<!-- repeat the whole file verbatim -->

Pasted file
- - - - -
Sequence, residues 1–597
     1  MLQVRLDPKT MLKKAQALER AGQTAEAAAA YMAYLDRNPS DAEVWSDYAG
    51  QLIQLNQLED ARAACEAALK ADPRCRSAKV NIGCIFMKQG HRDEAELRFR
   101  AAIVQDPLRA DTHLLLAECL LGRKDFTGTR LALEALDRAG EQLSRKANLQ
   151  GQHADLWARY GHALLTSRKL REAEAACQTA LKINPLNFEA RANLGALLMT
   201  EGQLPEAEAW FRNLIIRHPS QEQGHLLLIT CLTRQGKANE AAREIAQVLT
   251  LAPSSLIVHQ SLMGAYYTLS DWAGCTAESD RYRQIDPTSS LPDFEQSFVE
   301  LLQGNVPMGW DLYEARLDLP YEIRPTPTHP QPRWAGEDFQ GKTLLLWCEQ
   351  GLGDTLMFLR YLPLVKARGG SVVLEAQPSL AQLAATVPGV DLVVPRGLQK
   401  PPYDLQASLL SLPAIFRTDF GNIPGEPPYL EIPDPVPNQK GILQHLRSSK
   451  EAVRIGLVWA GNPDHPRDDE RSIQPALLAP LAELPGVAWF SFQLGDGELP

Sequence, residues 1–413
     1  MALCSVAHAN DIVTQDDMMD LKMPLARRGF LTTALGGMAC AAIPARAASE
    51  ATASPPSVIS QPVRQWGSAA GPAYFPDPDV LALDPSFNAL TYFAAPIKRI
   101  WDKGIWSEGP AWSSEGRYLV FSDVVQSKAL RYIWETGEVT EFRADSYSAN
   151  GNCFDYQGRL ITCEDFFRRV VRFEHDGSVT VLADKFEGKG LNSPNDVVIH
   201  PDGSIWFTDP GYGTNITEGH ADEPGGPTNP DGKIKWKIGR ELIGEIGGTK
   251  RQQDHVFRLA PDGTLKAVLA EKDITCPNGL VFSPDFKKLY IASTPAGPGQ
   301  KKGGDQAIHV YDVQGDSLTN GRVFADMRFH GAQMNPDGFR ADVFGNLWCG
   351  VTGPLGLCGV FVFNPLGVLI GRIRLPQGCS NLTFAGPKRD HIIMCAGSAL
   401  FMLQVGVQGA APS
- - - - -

Sequence, residues 1–597
     1  MLQVRLDPKT MLKKAQALER AGQTAEAAAA YMAYLDRNPS DAEVWSDYAG
    51  QLIQLNQLED ARAACEAALK ADPRCRSAKV NIGCIFMKQG HRDEAELRFR
   101  AAIVQDPLRA DTHLLLAECL LGRKDFTGTR LALEALDRAG EQLSRKANLQ
   151  GQHADLWARY GHALLTSRKL REAEAACQTA LKINPLNFEA RANLGALLMT
   201  EGQLPEAEAW FRNLIIRHPS QEQGHLLLIT CLTRQGKANE AAREIAQVLT
   251  LAPSSLIVHQ SLMGAYYTLS DWAGCTAESD RYRQIDPTSS LPDFEQSFVE
   301  LLQGNVPMGW DLYEARLDLP YEIRPTPTHP QPRWAGEDFQ GKTLLLWCEQ
   351  GLGDTLMFLR YLPLVKARGG SVVLEAQPSL AQLAATVPGV DLVVPRGLQK
   401  PPYDLQASLL SLPAIFRTDF GNIPGEPPYL EIPDPVPNQK GILQHLRSSK
   451  EAVRIGLVWA GNPDHPRDDE RSIQPALLAP LAELPGVAWF SFQLGDGELP

Sequence, residues 1–413
     1  MALCSVAHAN DIVTQDDMMD LKMPLARRGF LTTALGGMAC AAIPARAASE
    51  ATASPPSVIS QPVRQWGSAA GPAYFPDPDV LALDPSFNAL TYFAAPIKRI
   101  WDKGIWSEGP AWSSEGRYLV FSDVVQSKAL RYIWETGEVT EFRADSYSAN
   151  GNCFDYQGRL ITCEDFFRRV VRFEHDGSVT VLADKFEGKG LNSPNDVVIH
   201  PDGSIWFTDP GYGTNITEGH ADEPGGPTNP DGKIKWKIGR ELIGEIGGTK
   251  RQQDHVFRLA PDGTLKAVLA EKDITCPNGL VFSPDFKKLY IASTPAGPGQ
   301  KKGGDQAIHV YDVQGDSLTN GRVFADMRFH GAQMNPDGFR ADVFGNLWCG
   351  VTGPLGLCGV FVFNPLGVLI GRIRLPQGCS NLTFAGPKRD HIIMCAGSAL
   401  FMLQVGVQGA APS